The original Erie Canal, or Clinton's Ditch, as it was sometimes called, was narrow and shallow. In 1841 it was improved by making it wider and deeper. The Barge Canal, built in 1905, utilized part of the Erie as well as lakes and rivers.

There were many cedar swamps in the Town of Perinton, the cause of an unhealthful climate. The canal helped drain these swamps making the area a healthier place to live.There were chiefly three types of boats plying the canal: freight barges, freight boats which carried a few passengers, and packet boats which carried passengers only. The latter were the fastest and some could cover thirty miles a day. A canal boat could be towed by one horse or mule. It has been said that a wagon carrying the same load required four horses.

In 1840, passengers could ride from Fairport to Lockport for 25 cents and that included meals. The canal served as a news medium for news traveled faster by water than land in the early days.

In 1825, when the Erie was completed, DeWitt Clinton rode the whole length of it. He took a keg of water from Lake Erie with him which he poured into the Atlantic Ocean at the end of the trip signifying the joining of the two bodies of water. Cannon had been placed within earshot of each other so that, when fired in sequence the announcement of the start was carried to New York City in an amazingly short time.

The original Erie Canal was 363 miles long, 28 feet wide at the bottom, and four feet deep. Its 84 locks provided a total lift of 689 feet. Shortly after completion light packet boats drawn by frequent relays of horses driven at a trot were making the trip from Albany to Buffalo in three and a half days. The Canal cost $7,144,000, paid by the people of New York State. Until 1881 it was a toll route and over $42,000,000 was collected in tolls. The state was repaid original cost about six times.


Enis, David, M.D. Introduction to the Erie Canal. Written by Dr. Ennis while President of New York State Canal Association for use in a course in Canal History at the Seminars in American Culture at Cooperstown, N.Y. in 1957. Filed in the office of the Town of Perinton Historian.

Martin, Helen Myer, The Great Embankment. Published in the Fairport Herald-Mail on January 19, 1939

Ryon, Gertrude C., The Grand Clinton Canal and Its Influence on Our Community, Read before the Fairport Historical Club on January 15, 1953. Filed in the office of the Town of Perinton Historian.

Chalmers, Harvey II, How the Irish Built the Erie (Bookman Associates, Inc.: New York, N.Y., 1964).

Edwards, Walter D., Erie Waters. (Little, Brown & Co.: Boston, Mass., 1933)

McIntosh, W. H., History of Monroe County. (Everts, Ensign, & Everts: Philadelphia, Penna., 1877)

This is Part three of a four-part collection of essays prepared by members of the Perinton Historical Society and published as Perinton Papers in 1971. Dr. A. Porter S. Sweet, Editor. Edited February 2001 by Perinton Historical Society Trustee; John Jongen


Find information on the

History of the Erie Canal;

Building the Canal;

The Embankment; Effect of the Canal;

Canal Breaks &

Looking Back


Editors Note: The following comments/corrections to this article was received in August 2015 from Brooks Cressman.

After the American Revolutionary War (1775-1783), George Washington was the chief advocate of using waterways to connect the Eastern Seaboard to the Great Lakes and the Ohio River. In 1785, Washington founded the Potowmack Company and expended substantial energy and capital in a partly enduring effort to turn the Potomac River into a navigable link to the west.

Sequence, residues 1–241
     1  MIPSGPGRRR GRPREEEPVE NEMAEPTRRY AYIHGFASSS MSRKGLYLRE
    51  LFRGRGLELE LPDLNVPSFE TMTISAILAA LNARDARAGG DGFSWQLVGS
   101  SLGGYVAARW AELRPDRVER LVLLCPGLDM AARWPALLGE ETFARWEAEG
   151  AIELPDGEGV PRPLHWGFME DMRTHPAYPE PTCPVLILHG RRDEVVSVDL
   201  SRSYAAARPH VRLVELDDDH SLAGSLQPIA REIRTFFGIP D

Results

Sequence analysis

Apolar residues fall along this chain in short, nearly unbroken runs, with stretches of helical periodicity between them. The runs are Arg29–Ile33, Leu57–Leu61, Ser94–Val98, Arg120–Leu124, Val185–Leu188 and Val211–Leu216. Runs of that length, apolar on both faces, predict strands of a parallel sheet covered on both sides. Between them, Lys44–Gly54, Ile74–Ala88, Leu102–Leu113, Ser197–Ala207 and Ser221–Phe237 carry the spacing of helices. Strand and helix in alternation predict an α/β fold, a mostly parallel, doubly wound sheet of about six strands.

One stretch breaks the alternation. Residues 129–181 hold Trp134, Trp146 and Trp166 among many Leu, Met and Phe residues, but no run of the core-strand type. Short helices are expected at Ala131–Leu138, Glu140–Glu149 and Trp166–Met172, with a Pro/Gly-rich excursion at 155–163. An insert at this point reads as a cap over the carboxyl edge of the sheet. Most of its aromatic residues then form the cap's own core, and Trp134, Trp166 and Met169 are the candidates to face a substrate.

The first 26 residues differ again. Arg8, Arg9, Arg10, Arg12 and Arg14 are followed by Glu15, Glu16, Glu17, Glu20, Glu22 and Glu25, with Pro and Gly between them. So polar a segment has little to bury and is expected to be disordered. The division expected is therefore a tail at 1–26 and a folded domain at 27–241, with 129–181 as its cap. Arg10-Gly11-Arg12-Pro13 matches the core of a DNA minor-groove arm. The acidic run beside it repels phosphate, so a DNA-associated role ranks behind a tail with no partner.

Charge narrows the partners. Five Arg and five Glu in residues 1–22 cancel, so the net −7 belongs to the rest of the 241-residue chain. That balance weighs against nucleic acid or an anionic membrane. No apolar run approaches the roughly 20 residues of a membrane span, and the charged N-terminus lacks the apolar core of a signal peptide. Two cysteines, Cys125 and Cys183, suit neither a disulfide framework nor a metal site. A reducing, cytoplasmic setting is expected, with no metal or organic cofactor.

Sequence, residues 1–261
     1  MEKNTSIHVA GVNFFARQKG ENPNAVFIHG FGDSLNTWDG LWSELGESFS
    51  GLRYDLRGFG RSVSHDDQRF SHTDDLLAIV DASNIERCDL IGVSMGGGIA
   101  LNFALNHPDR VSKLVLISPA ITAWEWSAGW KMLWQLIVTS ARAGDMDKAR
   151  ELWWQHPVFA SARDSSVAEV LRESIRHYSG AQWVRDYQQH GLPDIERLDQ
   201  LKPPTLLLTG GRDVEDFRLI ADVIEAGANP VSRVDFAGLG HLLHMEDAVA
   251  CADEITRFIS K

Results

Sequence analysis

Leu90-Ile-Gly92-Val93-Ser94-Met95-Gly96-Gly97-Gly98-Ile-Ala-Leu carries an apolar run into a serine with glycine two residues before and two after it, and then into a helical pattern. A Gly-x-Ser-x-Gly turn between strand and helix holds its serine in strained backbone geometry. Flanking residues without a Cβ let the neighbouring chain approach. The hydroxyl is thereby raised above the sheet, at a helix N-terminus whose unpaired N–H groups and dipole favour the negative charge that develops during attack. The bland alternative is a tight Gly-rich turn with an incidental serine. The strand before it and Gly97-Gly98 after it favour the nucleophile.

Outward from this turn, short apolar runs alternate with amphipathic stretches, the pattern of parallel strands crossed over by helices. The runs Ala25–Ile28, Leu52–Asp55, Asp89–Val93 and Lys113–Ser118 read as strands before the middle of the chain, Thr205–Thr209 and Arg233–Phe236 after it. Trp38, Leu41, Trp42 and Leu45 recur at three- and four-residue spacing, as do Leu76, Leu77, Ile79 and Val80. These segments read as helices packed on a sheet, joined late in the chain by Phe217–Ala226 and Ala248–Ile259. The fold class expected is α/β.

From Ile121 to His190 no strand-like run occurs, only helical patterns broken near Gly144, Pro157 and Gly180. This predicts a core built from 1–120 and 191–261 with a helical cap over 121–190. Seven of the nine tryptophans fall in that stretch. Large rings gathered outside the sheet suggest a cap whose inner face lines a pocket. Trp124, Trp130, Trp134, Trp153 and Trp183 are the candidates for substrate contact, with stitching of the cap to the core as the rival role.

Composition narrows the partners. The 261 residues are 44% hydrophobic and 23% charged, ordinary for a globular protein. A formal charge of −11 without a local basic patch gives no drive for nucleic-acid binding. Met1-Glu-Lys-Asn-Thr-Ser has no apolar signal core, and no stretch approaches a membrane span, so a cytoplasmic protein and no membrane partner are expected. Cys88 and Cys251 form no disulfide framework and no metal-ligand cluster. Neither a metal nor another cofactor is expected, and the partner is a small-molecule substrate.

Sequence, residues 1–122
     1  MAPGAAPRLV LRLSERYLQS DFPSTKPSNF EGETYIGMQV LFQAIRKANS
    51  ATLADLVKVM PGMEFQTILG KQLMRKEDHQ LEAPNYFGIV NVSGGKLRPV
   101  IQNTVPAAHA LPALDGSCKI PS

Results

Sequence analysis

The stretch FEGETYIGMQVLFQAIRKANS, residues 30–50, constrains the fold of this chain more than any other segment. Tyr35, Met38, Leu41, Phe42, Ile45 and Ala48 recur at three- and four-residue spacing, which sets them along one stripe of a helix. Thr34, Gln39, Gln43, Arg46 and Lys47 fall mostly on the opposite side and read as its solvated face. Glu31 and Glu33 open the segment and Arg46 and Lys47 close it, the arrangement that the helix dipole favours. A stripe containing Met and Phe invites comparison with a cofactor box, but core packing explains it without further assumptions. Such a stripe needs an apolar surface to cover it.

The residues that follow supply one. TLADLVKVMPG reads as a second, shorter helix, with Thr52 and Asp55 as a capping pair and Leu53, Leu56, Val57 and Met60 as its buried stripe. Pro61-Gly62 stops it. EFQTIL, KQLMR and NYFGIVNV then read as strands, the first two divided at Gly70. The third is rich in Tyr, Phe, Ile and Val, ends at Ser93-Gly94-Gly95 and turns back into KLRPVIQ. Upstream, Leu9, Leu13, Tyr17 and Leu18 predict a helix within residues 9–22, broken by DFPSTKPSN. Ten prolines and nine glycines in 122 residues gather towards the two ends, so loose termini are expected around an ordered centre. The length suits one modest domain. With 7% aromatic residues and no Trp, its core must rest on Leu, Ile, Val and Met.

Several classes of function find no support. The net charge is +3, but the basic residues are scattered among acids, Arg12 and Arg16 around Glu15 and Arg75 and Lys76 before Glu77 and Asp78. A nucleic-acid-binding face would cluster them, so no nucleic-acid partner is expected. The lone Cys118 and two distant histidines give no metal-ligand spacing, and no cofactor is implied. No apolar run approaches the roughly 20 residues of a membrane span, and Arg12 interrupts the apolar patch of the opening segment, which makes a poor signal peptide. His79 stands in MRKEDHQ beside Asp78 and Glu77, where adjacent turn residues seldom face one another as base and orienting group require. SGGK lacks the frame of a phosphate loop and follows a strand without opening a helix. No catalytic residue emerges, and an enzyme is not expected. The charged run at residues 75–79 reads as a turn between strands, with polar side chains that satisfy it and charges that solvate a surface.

As early as 1787, Washington and Thomas Jefferson discussed the desirability of a canal linking Lake Erie to the Ohio River as part of a national system of canals. Nothing came of this discussion prior to Washington's death in 1799. 

It wasn't until 1807 that Ohio's first Senator, Thomas Worthington offered a resolution in Congress asking Treasury Secretary, Albert Gallatin, to report to the Senate on a canal linking Lake Erie with the East coast. Such a canal would be expensive to build even with modern technology; in 1807, the expense was barely imaginable. President Thomas Jefferson called it "a little short of madness" and rejected it. 

In 1810, DeWitt Clinton was appointed to head the Erie Canal Commission. He was unsuccessful in his attempt to get national aid for the construction of a canal connecting Lake Erie to the Hudson River, so he enlisted the aid of state legislators and Ohio's congressional delegation.

On January 15, 1812 the Ohio General Assembly passed a resolution expressing its view that the connection of the Great Lakes with the Hudson River was a project of "national concern". President Madison was against the proposal, however, and the War of 1812 ended all discussion.

On December 11, 1816, Clinton, by then the Governor of New York, sent a letter to the Ohio Legislature indicating his state's willingness to construct the Erie Canal without national help, and asking the State of Ohio to join in the endeavor. On January 9, 1817, the Ohio Legislature directed Ohio's Governor (and former Senator) Thomas Worthington to negotiate a deal with Clinton. Due to the cost, however, the Ohio Legislature dallied, and nothing happened for the next 3 years.

Finally, in January 1822,the Ohio Legislature passed an act to fund the canal system. Construction of the Erie Canal began on July 4, 1817 and was completed in 1825. 

Sources: "Chesapeake and Ohio Canal", "Ohio and Erie Canal", "Erie Canal"- Wikipedia


An article in the July 2013 Historigram written by William Keeler, explains how the Irondequoit and Fairport Rivers laid the foundation for the Erie Canal.

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ARCHIVED August 2023. Please visit for current information.